Dr. Edwin M. Schottenstein and his team are here to provide all the information you need to know about overall eye care and health on the Upper West Side and surrounding neighborhoods of NYC. Our goal is to ensure you can make an informed decision based on our expert diagnosis and treatment plan, and we know that can only be achieved through trust and professional knowledge.
We understand that retinal health is just one of the various components to strong, clear vision, and to help with the many queries we answer every day, we have listed a few frequently asked questions below for your convenience. We have also included a section on retinal health with diabetes, as patients with this condition are at higher risk for eye diseases.
The retina is a light-sensitive layer of tissue located in the third and inner coat of the eye. When light hits the retina, a cascade of chemical and electrical signals are sent across nerve impulses that link to visual centers in the brain. The retina is also where rods and cones are found, which are responsible for vision at low light levels and higher light levels, respectively.
Age-related macular degeneration (AMD) is the leading cause of blindness in patients 65 and older. Your macula is the area of the retina that assists with activities such as driving and reading. AMD occurs when the retina degrades, causing a progressive loss of vision. It is important to schedule regular visits with your ophthalmologist to detect macular degeneration early on and prevent permanent blindness.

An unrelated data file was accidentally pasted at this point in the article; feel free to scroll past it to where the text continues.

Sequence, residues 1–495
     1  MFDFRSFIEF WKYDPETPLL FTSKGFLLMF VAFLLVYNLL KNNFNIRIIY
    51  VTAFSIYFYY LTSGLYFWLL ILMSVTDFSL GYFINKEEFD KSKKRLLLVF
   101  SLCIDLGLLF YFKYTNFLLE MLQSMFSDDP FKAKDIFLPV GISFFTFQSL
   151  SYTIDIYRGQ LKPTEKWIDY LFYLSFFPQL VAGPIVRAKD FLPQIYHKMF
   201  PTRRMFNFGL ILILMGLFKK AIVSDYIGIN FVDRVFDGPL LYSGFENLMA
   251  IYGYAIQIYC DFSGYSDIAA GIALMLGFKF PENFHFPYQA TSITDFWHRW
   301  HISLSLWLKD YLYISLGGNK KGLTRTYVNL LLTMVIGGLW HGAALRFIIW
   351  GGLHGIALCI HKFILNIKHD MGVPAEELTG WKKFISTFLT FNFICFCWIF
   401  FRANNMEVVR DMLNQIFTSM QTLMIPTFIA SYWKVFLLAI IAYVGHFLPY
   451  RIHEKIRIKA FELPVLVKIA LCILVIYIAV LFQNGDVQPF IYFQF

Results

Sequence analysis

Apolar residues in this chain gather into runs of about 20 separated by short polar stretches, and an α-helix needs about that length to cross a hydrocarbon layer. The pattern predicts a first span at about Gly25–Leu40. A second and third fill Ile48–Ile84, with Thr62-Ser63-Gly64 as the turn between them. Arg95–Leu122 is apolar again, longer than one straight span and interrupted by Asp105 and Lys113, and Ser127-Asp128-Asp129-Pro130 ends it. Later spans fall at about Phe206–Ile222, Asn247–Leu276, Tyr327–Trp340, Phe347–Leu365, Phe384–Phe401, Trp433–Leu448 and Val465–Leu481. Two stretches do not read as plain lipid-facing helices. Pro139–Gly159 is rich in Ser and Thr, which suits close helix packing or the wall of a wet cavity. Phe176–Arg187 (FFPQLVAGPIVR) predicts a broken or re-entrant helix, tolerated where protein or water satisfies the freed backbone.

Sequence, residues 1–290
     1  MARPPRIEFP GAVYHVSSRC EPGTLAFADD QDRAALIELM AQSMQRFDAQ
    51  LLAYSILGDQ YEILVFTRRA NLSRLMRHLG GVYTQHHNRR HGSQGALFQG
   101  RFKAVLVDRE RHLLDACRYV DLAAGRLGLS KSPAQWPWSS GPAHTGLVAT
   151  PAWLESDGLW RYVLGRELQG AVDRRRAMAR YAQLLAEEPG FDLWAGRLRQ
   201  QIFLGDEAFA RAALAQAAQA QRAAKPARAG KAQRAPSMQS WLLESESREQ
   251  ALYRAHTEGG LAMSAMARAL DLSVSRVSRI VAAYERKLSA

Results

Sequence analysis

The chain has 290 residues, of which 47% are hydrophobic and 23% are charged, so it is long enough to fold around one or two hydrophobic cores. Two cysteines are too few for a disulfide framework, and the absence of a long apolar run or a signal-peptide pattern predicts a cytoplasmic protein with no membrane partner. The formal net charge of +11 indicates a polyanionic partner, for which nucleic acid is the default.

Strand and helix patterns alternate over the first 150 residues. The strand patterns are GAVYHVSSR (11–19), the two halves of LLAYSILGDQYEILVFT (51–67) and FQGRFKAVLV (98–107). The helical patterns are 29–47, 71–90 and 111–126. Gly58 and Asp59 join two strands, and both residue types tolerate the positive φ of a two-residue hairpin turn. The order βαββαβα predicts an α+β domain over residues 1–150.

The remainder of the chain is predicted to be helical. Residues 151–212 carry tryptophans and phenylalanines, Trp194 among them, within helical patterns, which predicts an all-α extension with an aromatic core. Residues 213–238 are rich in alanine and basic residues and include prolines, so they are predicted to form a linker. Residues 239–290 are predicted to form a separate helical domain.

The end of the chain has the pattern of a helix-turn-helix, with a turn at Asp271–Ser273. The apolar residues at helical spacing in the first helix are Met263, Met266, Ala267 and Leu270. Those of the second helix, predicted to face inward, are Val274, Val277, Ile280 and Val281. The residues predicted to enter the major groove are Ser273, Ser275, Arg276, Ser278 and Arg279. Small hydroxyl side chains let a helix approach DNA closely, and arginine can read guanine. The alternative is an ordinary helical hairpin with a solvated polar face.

Not everyone will experience macular degeneration, but total and guaranteed prevention for those susceptible is simply not possible. However, there are steps that can be taken to significantly decrease the odds of developing AMD, including eating leafy green vegetables, fish, fruit, and nuts, taking multivitamins and mineral supplements, exercising regularly, reducing refined carbohydrate intake, keeping blood pressure and cholesterol levels under control, wearing sunglasses outdoors, and attending regular eye exams.
This complication arises when diabetes weakens the blood vessels that flow to the retina, causing them to leak, swell, or develop thin branches, leading to blurred or cloudy vision, blind spots, and eventually vision loss.
Injections, laser treatment, and surgery are all available for patients with diabetic retinopathy. As with most diseases and conditions, the earlier they are discovered and diagnosed, the better the results will be down the road.
To reduce the risk of diabetic retinopathy, follow a prescribed diabetic diet and continue any medications and exercise regimens, avoid alcohol and cigarettes, and maintain cholesterol and blood pressure levels. As always, regular eye exams are also a must.
If you have any other questions or concerns, or you would like to schedule an appointment to deal with your retinal health issues, please do not hesitate to call us directly at 212-874-2300. One of our friendly staff members will assist you in any way they can. We look forward to seeing you see better soon!